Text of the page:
Ken Clarke has said he is waiting to see if the Conservatives are "leadable" before deciding whether to enter the race to succeed Michael Howard.
Mr Clarke has run for the leadership on two previous occasions
He said he wanted to know if the Tories were prepared to be a socially liberal, centre-right party based around a belief in the free market.
His comments come amid a row over the timing of Mr Howard's exit.
He has been urged to go early so his successor can launch their leadership bid at the party's autumn conference.
Cameron to run?
But Mr Howard wants to reform the party's leadership election rules before he steps down in time for Christmas and he has dismissed calls for an earlier resignation.
Mr Clarke, whose pro-EU views have put him at odds with many in the Conservative Party, indicated a French 'No' vote in their referendum on the European Constitution could well help him.
"It would make things a lot easier for the Conservative Party if it knows Europe is on the backburner," he said adding that a French 'No' vote would "kill" the issue.
Tory education spokesman David Cameron, himself seen as a possible contender in the leadership election, meanwhile defended Mr Howard saying he had done "an excellent job".
"Everyone agreed after the election that it would be a good idea to have Michael stay on as leader while we look at why we lost the election, look at the issues and review our policies," said Mr Cameron.
Rumoured to be Mr Howard's favourite for next Tory leader, Mr Cameron would not state a preference over who he was planning to back in the contest.
Ray Monbiot, who chairs the party's national convention, said existing rules meant a swift election was just not possible.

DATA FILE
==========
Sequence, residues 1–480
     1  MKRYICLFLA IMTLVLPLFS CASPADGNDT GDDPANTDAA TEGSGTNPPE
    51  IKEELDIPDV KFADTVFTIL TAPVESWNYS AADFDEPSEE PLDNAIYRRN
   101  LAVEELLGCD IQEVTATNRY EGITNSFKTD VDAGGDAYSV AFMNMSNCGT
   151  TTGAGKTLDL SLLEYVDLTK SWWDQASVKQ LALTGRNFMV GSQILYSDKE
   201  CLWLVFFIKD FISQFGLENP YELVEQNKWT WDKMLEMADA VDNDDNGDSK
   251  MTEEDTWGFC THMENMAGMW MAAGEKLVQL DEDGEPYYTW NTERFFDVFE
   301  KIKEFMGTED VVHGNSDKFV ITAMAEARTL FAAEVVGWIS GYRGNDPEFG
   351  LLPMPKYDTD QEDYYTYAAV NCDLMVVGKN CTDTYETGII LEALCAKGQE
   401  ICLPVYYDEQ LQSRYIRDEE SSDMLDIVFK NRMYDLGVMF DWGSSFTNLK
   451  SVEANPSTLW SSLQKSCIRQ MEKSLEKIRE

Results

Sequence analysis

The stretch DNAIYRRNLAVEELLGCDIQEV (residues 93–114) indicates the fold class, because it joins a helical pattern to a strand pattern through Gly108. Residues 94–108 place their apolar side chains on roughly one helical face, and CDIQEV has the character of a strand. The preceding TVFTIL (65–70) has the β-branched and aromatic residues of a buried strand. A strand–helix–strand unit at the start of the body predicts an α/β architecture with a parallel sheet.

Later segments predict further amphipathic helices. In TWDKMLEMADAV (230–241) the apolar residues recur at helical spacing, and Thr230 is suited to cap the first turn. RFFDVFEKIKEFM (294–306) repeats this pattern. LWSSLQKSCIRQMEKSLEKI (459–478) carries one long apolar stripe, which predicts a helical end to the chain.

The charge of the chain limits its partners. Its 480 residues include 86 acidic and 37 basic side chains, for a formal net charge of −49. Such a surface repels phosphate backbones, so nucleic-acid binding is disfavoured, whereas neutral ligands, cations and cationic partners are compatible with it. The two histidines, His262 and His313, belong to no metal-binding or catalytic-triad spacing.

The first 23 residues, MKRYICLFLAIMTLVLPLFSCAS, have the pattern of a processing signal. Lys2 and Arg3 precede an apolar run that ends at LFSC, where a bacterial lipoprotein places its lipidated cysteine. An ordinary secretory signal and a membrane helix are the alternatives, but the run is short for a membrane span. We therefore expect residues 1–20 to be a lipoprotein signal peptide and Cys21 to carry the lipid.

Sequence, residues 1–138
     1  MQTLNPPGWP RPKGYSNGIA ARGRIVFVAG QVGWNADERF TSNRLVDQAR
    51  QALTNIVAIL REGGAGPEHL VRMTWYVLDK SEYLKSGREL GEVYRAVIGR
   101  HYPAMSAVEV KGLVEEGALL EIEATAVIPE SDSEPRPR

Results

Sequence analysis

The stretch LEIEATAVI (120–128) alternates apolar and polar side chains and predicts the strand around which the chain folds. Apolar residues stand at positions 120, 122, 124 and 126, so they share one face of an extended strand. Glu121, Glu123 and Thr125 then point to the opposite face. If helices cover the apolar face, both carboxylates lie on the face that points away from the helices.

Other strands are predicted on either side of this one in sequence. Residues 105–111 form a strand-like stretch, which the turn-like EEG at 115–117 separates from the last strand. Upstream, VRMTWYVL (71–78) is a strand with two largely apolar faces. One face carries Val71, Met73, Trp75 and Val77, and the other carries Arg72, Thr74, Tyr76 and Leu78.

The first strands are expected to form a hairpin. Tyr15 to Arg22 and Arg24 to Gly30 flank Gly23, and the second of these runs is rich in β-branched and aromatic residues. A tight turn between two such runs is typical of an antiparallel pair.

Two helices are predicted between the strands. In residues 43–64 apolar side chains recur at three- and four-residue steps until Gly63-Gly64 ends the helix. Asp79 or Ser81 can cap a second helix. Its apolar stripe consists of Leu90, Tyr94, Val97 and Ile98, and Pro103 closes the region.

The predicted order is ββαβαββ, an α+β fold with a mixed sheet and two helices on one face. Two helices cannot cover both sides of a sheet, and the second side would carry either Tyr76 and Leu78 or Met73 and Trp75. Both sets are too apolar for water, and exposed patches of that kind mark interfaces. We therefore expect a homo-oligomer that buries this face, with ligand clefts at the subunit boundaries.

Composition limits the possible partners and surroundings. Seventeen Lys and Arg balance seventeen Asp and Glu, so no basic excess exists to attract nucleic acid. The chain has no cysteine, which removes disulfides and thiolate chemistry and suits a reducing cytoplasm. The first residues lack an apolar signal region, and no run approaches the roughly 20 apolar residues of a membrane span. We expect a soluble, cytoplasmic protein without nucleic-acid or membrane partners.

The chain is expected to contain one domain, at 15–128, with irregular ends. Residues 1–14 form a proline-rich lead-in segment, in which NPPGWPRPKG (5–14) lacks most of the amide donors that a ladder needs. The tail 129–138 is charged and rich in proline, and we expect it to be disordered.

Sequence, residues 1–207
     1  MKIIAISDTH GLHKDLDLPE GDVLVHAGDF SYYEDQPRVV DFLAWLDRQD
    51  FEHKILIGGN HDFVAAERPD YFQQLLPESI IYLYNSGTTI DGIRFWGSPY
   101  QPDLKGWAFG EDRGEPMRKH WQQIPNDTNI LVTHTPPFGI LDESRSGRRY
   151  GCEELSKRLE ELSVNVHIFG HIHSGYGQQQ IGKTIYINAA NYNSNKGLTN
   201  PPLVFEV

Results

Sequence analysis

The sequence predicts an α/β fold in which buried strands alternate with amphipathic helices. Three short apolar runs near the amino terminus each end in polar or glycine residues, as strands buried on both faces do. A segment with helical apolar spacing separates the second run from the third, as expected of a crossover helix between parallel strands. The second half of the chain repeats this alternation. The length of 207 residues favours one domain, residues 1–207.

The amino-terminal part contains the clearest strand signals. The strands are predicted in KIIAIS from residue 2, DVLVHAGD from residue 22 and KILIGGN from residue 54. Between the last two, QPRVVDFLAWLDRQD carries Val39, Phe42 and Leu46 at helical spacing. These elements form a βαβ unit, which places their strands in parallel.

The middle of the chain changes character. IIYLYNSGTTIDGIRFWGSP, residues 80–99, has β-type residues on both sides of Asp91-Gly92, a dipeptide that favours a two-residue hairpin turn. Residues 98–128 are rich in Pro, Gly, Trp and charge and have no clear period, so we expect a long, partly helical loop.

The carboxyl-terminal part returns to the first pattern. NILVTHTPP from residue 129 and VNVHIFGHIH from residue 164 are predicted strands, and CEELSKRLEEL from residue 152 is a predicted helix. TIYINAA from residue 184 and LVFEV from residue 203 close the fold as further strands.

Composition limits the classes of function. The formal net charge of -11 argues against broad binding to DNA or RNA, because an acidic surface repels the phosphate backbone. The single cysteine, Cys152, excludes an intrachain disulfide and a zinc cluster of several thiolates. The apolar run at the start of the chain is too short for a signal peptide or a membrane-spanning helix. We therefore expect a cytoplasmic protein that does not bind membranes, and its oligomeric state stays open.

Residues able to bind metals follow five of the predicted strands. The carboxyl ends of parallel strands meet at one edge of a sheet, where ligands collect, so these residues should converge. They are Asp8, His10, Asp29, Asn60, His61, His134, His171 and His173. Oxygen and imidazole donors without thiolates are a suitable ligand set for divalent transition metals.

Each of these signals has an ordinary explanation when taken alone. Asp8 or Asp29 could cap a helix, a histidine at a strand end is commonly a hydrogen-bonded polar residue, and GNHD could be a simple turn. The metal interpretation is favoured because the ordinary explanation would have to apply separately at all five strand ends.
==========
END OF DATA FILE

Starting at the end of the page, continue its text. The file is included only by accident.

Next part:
"It is not just a question of snapping the fingers and saying 'OK, we will get a new leader within two or three weeks', because the mechanism isn't there to do it," he told BBC News.
Current rules put in place under William Hague and then used after he lost the 2001 election saw a summer-long contest that ended with the election of Iain Duncan Smith after the party's rank and file backed him over Mr Clarke - the MPs' preferred choice.
On Thursday Mr Howard wrote to MPs admitting plans for reforming the party "could have been better handled".
But he said it would not be in the party's interests to plunge it into an immediate leadership election.
A major contributor to the Tory party, Sir Tom Cowie, told the BBC Mr Howard should go "in hours or days".
Some Tory MPs have said they are angry that proposals to reform the party and change how its leader is elected have been presented as a fait accompli.
Howard: Sticking to timetable
And there is talk of signatures being gathered at Westminster to trigger an early leadership contest.
The proposed new leadership system would return the final decision to MPs, with grassroots members showing their views in a vote of local Tory association chairmen.